Avella lost in the Democratic Primary to former councilman and comptroller John Liu, who will now face Republican Vickie Paladino in November.
But Avella's name will still be on the ballot in November, as he also has the Independence and Women's Equity party lines.
Generally speaking, voters don't usually gravitate to the bottom of the ballot to vote on party lines outside the two big ones. Likewise, when a candidate loses the primary but is still on the ballot, they don't usually campaign to try and win the general election, they just fade away.
But on Saturday, a group calling themselves Families for Tony held a rally in Bowne Park urging Avella to continue to campaign and try and hold on to his seat in November.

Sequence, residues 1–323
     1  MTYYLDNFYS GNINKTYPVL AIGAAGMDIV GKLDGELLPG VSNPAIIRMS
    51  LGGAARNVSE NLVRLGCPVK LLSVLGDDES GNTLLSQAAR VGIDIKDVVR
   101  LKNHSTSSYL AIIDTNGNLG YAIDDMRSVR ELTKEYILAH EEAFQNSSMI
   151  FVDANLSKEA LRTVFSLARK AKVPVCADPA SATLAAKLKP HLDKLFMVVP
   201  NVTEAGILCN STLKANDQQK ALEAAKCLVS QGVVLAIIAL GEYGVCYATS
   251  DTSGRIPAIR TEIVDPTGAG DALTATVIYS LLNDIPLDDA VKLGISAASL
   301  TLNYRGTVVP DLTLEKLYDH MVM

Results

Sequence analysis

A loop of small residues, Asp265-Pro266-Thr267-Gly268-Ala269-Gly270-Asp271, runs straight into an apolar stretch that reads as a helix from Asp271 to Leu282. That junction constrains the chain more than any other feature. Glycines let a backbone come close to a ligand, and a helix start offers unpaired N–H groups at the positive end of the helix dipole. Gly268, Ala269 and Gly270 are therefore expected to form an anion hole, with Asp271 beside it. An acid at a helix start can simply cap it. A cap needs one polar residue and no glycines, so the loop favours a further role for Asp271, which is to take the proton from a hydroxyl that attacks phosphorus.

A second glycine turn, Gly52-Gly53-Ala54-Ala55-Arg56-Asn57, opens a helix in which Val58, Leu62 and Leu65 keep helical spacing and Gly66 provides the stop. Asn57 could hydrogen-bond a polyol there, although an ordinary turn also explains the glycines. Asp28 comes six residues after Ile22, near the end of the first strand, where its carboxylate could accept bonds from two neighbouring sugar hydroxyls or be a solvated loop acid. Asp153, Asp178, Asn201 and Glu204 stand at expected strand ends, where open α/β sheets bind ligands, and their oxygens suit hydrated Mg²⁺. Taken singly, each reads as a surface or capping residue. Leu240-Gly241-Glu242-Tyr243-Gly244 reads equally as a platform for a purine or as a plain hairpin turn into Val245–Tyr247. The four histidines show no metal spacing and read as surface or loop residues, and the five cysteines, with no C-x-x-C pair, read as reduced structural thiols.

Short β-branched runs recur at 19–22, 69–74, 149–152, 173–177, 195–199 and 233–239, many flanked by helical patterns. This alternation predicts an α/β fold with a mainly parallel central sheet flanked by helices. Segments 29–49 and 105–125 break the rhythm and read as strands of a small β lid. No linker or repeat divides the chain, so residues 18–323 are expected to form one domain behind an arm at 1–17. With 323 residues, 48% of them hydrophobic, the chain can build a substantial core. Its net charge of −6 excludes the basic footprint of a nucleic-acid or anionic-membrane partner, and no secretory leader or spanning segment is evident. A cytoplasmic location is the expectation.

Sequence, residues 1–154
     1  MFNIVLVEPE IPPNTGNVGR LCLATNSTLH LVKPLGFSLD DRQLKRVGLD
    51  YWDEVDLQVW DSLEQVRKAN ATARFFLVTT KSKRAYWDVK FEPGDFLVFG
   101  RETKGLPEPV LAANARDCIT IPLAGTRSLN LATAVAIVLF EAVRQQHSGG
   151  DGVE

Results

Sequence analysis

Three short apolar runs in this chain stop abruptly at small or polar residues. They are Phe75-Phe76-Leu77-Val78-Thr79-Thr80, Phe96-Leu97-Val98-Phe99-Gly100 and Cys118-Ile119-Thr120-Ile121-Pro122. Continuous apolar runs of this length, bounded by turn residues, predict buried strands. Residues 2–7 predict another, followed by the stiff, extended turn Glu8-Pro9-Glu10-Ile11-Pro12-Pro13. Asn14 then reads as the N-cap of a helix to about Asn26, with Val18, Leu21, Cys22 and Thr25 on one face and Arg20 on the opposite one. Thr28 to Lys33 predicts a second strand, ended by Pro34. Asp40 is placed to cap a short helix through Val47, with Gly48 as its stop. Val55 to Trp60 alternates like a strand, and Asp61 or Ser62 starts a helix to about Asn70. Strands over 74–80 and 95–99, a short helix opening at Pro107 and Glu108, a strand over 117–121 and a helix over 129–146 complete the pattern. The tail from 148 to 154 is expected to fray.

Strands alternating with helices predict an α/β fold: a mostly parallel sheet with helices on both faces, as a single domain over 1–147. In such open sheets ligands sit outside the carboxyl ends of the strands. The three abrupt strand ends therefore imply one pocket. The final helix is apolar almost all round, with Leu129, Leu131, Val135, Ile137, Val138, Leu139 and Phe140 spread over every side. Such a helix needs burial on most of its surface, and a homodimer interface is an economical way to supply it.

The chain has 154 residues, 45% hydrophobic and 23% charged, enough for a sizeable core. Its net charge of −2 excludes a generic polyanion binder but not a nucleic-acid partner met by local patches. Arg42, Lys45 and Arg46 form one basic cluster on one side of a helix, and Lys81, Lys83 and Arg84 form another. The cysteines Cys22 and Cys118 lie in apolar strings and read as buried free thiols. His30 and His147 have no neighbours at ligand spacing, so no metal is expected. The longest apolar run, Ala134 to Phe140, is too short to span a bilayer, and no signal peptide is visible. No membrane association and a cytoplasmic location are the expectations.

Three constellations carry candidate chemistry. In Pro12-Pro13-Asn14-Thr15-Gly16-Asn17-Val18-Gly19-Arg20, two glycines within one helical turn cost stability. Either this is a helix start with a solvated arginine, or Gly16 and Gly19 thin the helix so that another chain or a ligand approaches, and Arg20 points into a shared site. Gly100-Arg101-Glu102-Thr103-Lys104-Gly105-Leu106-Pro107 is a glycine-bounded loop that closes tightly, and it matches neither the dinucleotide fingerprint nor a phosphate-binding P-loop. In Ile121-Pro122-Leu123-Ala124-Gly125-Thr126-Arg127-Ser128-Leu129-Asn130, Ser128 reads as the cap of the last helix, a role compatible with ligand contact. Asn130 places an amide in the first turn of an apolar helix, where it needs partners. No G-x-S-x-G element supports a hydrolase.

And the day after the election, there were numerous posts on the Facebook page of a Whitestone civic association urging Avella to keep fighting despite his loss.
Avella has been keeping a low profile since the primary, but if he feels that there is enough support for him to run and continues to campaign, he would undoubtedly pull Democratic votes from Liu.
That would open the door for Paladino and the GOP to get back a State Senate seat they held for decades before Avella defeated Frank Padavan. That would be a huge blow for Democrats, who have their eyes on taking back control of the State Senate in a little over a month.